A European Parliament delegation said Wednesday it has been conducting secret talks with North Korea over the last three years to try to persuade Pyongyang to negotiate an end to its nuclear programme.
The group led by British MEP Nirj Deva has met senior North Korean officials, including ministers, 14 times and plans another meeting in Brussels in the near future. News of the below-the-radar diplomacy effort comes after the surprise announcement that US President Donald Trump plans a summit with North Korean leader Kim Jong Un, part of fast-paced developments following an Olympic detente.
Deva said he and his colleagues on the European Parliament Delegation for Relations with the Korean Peninsula had been “relentlessly advocating the case for dialogue without preconditions” to end the increasingly tense nuclear standoff with the North.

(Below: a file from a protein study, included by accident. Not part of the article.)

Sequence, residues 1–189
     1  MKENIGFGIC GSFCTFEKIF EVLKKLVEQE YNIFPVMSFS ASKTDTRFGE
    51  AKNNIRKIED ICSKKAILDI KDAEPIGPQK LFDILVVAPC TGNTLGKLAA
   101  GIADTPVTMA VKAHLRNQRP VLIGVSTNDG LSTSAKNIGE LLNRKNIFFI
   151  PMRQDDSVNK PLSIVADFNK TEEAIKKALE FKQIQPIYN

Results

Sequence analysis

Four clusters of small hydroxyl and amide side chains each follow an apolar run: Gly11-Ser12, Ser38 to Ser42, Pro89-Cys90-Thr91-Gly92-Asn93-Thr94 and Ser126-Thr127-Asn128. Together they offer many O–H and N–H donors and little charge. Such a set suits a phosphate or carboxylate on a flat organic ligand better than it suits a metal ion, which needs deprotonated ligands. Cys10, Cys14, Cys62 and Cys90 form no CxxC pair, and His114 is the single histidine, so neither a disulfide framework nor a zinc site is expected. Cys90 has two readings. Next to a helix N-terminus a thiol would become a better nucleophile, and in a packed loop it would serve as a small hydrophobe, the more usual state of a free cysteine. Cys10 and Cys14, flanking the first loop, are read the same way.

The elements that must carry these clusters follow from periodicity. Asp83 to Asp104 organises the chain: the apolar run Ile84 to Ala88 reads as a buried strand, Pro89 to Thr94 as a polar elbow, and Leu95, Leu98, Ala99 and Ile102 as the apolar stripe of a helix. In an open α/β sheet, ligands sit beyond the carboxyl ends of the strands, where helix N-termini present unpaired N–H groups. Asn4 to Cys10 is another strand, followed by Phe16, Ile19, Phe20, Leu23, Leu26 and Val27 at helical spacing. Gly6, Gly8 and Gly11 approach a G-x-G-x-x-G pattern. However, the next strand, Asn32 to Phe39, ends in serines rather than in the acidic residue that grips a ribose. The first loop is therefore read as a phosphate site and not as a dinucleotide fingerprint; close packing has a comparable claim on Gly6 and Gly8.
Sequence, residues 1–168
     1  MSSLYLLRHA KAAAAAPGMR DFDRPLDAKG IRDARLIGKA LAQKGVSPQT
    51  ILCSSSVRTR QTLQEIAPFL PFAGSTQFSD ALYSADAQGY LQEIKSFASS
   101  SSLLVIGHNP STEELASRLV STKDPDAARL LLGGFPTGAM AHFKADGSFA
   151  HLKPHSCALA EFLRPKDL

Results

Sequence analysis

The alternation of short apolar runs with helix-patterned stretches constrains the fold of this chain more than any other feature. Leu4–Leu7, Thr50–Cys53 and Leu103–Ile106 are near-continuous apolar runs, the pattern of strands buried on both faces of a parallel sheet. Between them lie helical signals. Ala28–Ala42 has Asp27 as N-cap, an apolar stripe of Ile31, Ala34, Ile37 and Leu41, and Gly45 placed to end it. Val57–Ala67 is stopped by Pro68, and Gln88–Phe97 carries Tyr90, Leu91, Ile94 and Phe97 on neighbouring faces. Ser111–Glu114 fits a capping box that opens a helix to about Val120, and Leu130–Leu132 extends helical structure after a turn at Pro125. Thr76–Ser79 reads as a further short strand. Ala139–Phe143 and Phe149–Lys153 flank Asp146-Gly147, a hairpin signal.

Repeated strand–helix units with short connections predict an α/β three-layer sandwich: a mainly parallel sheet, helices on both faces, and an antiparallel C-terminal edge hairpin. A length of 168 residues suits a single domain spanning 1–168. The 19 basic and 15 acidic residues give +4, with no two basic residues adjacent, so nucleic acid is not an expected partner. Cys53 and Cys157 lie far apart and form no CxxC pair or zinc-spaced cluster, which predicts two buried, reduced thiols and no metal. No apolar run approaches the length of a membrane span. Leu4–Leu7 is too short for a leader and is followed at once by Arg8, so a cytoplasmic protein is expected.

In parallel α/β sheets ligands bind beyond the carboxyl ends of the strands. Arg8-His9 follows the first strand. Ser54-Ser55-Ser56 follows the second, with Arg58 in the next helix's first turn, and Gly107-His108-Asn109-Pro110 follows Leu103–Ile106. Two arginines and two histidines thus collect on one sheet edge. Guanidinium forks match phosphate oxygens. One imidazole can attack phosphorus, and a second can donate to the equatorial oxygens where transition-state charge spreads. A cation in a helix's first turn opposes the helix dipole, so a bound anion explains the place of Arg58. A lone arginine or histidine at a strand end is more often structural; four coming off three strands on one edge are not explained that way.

The group also met senior officials in the US, China, Japan and South Korea, Deva said, for dialogue aimed at achieving a “verifiable denuclearized Korean peninsula. We told them in no uncertain terms that if they carry on with the missile programme and the nuclear bomb programme they will only lead to an inevitable conclusion which is unthinkable,” Deva said.
Deva said that from his meetings he believed the tough sanctions the EU has in place against North Korea had been an important factor in driving Pyongyang to agree to talks. “Part of the reason that this happened was the sanctions started to bite poor people – not the elite,” he said.